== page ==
So, I am appealing to you because I believe that the Board’s decisions are ultimately responsible for the success of the Charter. If the Charter fails, it is because the Board has failed. Historically, this Board has done exactly Dave’s bidding without question or research (you can always call the SELPA to get more information) and that is why we are in the present predicament. I am an integral part of the Special Education Program and as a Charter you should know that if this program fails, the Charter can be revoked. So, if you do nothing else, share the concern of this email and be the voice of conversation. That is all any of us have ever asked for and that is why people have been vocal- because we wanted to be heard. I will say to you again, my unique ability to cross the “job description” line and get the job done for all students, regardless of their station in life, is the embodiment of what we thought this charter could be.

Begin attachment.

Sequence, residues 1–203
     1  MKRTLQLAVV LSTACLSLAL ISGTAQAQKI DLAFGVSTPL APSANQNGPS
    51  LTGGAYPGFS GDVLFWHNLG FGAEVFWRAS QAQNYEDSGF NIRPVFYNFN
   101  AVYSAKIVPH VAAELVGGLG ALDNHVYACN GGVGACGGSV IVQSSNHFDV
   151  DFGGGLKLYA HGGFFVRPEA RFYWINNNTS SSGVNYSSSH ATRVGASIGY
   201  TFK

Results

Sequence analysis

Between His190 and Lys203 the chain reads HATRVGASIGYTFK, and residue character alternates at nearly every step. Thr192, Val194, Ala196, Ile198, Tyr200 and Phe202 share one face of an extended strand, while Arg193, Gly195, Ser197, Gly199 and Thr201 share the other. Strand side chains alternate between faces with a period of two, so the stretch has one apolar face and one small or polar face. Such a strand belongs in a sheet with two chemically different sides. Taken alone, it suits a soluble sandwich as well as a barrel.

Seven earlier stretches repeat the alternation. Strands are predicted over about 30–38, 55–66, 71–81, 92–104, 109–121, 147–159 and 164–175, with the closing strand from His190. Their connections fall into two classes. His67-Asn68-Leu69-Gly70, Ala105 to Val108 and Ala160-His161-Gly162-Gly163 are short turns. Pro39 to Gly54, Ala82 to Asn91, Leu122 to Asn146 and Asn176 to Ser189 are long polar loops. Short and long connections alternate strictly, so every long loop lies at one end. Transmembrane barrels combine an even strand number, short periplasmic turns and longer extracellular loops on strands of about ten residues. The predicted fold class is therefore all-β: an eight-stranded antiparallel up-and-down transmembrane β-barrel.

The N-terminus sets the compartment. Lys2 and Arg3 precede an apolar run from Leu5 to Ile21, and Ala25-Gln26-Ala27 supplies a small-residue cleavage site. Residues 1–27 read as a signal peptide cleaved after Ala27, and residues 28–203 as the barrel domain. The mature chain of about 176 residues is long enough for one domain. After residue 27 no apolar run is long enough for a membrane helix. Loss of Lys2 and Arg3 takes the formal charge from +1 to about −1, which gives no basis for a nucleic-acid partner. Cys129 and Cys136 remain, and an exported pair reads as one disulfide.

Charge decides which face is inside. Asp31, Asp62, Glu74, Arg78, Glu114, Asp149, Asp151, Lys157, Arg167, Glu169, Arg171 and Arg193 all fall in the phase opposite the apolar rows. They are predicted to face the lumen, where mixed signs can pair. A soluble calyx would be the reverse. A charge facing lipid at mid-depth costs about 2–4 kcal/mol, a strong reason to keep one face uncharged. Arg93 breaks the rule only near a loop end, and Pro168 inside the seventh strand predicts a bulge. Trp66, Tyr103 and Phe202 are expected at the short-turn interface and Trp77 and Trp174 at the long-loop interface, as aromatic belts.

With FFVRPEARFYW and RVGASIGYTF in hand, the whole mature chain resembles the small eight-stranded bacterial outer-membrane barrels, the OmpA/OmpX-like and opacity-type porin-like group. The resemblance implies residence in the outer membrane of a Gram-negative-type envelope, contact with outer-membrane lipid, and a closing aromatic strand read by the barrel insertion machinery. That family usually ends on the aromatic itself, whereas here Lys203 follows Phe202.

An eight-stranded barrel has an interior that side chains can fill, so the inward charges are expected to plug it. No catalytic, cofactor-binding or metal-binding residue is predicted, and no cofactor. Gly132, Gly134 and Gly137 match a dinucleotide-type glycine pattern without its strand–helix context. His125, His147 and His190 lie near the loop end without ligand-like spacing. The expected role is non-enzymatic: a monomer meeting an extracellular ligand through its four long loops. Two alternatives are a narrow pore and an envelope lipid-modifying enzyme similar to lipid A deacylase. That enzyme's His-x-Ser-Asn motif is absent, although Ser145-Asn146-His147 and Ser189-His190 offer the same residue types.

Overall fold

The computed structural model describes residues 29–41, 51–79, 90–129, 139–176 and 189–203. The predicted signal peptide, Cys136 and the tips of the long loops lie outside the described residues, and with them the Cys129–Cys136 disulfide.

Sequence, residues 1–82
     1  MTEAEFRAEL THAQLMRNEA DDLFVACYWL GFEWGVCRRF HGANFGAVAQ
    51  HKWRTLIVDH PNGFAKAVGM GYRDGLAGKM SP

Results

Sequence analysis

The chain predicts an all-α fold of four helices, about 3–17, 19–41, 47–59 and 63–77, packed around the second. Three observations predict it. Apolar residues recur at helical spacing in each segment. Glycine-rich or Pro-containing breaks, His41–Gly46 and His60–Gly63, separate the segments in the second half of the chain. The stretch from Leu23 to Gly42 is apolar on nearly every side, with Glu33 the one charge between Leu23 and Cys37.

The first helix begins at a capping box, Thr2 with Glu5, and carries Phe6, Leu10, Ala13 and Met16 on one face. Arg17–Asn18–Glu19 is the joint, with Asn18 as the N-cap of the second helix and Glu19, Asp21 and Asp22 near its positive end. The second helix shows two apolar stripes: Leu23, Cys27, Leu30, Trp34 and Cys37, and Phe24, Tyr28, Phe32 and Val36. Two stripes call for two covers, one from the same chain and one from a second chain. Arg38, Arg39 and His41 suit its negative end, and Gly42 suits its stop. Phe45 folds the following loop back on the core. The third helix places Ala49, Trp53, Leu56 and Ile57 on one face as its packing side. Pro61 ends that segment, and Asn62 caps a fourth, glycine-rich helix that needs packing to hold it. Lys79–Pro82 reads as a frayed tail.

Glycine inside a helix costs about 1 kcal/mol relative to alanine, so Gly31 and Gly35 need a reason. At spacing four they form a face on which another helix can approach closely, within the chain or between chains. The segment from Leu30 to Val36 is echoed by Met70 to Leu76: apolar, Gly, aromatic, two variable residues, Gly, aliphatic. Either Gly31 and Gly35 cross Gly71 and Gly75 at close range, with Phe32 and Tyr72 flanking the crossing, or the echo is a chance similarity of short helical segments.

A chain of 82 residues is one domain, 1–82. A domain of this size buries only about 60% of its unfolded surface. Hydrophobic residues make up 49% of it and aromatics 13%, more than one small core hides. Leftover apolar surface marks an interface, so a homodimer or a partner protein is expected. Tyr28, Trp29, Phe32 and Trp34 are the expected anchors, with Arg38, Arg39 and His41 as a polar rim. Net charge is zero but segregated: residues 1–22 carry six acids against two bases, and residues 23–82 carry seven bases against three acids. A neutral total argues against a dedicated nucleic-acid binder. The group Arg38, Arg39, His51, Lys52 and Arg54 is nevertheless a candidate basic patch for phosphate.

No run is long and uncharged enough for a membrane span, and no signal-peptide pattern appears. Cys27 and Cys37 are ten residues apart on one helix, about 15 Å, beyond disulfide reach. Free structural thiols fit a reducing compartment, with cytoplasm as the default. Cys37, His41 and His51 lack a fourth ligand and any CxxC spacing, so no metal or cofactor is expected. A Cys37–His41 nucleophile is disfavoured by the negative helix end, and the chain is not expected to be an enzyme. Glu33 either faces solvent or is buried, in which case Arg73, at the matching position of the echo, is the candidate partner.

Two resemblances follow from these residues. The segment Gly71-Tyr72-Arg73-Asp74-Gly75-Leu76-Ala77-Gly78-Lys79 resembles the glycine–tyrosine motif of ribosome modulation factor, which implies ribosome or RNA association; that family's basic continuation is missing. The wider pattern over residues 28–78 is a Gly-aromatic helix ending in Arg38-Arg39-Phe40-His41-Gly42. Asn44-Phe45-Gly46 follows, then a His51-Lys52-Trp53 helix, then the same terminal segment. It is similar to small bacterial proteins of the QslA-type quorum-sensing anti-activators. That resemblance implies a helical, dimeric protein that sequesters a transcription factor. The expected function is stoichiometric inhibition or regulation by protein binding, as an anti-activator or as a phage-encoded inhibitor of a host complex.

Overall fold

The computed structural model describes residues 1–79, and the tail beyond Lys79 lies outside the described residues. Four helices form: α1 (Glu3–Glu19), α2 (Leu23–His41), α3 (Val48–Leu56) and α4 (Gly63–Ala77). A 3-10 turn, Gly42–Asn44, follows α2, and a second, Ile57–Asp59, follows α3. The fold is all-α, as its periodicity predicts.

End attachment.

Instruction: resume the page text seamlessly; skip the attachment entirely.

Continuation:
Laurie C. Arbour
The free-market case for district schools
Andrew F. Morrill – AEA president: Despite a wealth of choices, more than 80 percent of Arizona parents still choose neighborhood public schools.
Over the last six years, Arizona has suffered some of the largest education funding cuts in the country. Now our governor proposes cutting more while prioritizing private prison expansion over public education investments. Is this the path to an Arizona that offers opportunity for all?
In this choice-rich state, more than 80 percent of Arizonans with school-age children still select neighborhood public schools as their education choice.
This is a staggering majority with so many options available. Where is the support for parents who make this choice? Can a governor truly claim to uphold parent choice when he is not supporting the choice that the majority of parents annually make?